ASEAN companies – those across Singapore, Malaysia, Thailand, Indonesia, the Philippines and Vietnam – are not doing enough when it comes to risk disclosure, according to a review of 180 firms across the region.
The latest ASEAN Disclosure Index from FTI Consulting shows the region is doing well on overall corporate disclosure, with an average score of 7.8 out of 10, and on board quality, with an average score of three out of a possible four. But risk disclosure is an area where companies could be doing more: the average risk disclosure score is just 3.8 out of five across all 180 companies, says FTI.
While the majority (74 percent) provide a sustainability report in line with global standards, 37 percent fail to provide analyst transcripts or details of analyst engagements ‘even if investor presentations are available on the website,’ according to FTI.
Thai companies have the best average risk disclosure score at 4.5 out of five, while Vietnam has the lowest – an average of just 1.9. In terms of sectors, telecoms/tech is top with 4.9 out of five, while banking/financial services and manufacturing/industrial sectors have average risk disclosure scores of 3.5 and 3.4, respectively.
Top for disclosure
Of the 180 firms looked at by FTI, researchers classify 24 as ‘corporate disclosure champions’, with composite disclosure scores of 10/10, with 11 hailing from Malaysia.
As well as having the most corporate disclosure champions, Malaysia also scores highest on board quality, with an average 3.5 out of four. Vietnam has the furthest to go at 2.5. From the sectors, telecoms/tech companies have the highest average board quality score at 3.5 out of four, while those in food/consumer goods average 2.8.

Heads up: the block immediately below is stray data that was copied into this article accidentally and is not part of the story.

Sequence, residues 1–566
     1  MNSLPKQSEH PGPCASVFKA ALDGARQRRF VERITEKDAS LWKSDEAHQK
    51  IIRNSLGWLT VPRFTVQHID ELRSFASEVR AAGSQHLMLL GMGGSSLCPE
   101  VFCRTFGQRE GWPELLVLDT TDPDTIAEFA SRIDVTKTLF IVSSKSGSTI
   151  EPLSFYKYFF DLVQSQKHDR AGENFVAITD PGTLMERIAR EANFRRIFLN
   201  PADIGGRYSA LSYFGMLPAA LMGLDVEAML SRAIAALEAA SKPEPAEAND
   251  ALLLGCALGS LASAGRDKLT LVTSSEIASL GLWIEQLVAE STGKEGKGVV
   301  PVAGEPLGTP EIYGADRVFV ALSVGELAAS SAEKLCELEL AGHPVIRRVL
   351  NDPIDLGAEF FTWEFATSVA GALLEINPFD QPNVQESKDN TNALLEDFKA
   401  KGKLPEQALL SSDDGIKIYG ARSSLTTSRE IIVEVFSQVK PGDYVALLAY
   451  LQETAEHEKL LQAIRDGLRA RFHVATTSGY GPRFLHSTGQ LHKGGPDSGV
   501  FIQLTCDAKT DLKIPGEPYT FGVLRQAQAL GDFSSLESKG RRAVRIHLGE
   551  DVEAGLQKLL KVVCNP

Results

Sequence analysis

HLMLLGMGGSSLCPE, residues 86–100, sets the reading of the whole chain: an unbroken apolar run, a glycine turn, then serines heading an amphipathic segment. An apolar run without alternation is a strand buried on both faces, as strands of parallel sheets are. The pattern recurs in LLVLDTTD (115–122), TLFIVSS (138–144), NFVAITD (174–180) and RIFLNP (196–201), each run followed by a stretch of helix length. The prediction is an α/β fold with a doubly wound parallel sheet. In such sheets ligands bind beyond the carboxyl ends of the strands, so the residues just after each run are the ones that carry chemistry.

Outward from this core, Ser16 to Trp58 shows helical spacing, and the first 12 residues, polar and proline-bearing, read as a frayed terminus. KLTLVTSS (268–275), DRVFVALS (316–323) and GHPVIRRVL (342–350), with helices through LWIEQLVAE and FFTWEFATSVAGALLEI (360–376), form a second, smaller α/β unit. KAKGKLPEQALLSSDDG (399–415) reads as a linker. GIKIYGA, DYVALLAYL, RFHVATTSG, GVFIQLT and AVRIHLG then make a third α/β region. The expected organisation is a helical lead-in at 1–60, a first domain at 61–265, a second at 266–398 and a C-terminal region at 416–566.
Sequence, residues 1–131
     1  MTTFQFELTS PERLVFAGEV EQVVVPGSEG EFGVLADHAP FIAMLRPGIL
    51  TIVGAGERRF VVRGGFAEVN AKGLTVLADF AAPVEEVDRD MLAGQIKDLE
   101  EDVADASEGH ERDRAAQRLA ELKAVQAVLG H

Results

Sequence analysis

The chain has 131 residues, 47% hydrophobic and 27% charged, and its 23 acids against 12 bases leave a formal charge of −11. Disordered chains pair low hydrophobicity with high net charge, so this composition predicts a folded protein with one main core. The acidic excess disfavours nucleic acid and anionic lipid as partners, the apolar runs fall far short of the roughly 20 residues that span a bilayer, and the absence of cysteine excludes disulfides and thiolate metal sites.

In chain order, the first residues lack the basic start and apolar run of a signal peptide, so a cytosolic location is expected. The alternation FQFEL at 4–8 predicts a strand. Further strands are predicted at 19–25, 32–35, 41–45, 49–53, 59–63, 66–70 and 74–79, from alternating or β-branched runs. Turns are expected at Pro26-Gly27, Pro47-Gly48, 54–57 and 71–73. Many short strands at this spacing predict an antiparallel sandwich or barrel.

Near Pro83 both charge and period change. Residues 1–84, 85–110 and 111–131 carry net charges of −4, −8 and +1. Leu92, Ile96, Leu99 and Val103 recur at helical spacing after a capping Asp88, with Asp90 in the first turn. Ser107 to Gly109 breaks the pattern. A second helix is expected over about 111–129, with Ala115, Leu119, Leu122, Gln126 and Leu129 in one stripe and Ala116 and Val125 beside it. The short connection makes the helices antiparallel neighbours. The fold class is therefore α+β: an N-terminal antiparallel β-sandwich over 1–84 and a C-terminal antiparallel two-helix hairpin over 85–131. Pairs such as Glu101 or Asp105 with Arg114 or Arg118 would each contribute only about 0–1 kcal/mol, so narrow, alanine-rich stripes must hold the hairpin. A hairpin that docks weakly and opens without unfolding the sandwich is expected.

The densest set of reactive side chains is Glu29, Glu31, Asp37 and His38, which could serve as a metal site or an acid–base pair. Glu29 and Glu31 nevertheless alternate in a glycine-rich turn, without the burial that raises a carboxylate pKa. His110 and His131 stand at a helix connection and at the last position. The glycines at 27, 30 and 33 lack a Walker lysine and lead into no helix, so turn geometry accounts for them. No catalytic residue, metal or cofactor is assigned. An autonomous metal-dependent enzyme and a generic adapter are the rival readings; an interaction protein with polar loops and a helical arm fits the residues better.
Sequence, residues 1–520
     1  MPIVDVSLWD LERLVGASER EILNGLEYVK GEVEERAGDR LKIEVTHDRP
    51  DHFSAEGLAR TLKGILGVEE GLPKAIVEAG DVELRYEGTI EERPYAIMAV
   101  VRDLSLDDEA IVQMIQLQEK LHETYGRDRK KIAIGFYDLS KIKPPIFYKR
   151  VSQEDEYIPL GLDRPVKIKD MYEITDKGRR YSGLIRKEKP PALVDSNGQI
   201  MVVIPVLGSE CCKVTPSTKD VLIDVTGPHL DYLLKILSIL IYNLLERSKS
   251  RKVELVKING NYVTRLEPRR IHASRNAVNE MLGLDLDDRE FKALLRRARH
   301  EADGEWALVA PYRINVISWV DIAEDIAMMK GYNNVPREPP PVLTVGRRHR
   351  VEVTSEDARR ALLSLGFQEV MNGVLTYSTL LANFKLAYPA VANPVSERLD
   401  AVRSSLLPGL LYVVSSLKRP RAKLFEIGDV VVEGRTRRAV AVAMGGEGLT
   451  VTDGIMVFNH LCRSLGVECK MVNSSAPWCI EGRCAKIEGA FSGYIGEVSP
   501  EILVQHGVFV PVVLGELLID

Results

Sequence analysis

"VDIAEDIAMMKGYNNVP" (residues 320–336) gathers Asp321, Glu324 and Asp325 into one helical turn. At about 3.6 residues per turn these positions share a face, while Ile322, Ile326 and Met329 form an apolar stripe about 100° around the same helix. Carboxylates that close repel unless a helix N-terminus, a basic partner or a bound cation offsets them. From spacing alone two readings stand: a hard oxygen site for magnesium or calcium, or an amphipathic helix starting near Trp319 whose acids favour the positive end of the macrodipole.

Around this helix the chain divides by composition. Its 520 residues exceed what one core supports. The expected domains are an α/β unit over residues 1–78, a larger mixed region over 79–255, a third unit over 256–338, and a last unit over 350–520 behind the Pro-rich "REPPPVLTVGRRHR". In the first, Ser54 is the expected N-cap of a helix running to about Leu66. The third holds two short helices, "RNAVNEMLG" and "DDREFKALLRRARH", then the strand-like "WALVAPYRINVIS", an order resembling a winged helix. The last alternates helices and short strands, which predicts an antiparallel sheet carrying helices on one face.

As part of its study into board quality, FTI also looked at the number of women on boards, finding that a quarter of the companies examined have no female board representation. Again, it is Malaysia that comes out on top for board gender diversity, while ‘Indonesian companies are the weakest on this disclosure parameter.’
‘Despite seemingly high aggregate composite disclosure scores in the region, there are significant differences on individual parameters between companies and jurisdictions,’ explains Amrit Singh Deo, a managing director in the strategic communications section of FTI, in a statement accompanying the report. ‘Directors and management teams should discuss higher standards of risk disclosure at board meetings, as global investors view high risk disclosure standards as an opportunity to earn a ‘transparency premium’.’
Paul Downie, chairman of Asia-Pacific for the strategic communications section, agrees, noting that ‘these are increasingly important issues, bolstered further by the EU non-financial guidelines announced last year.’
While the report ‘shows progress is being made in the region to raise corporate transparency and non-financial disclosure’, Downie stresses that ‘there is still room for improvement.’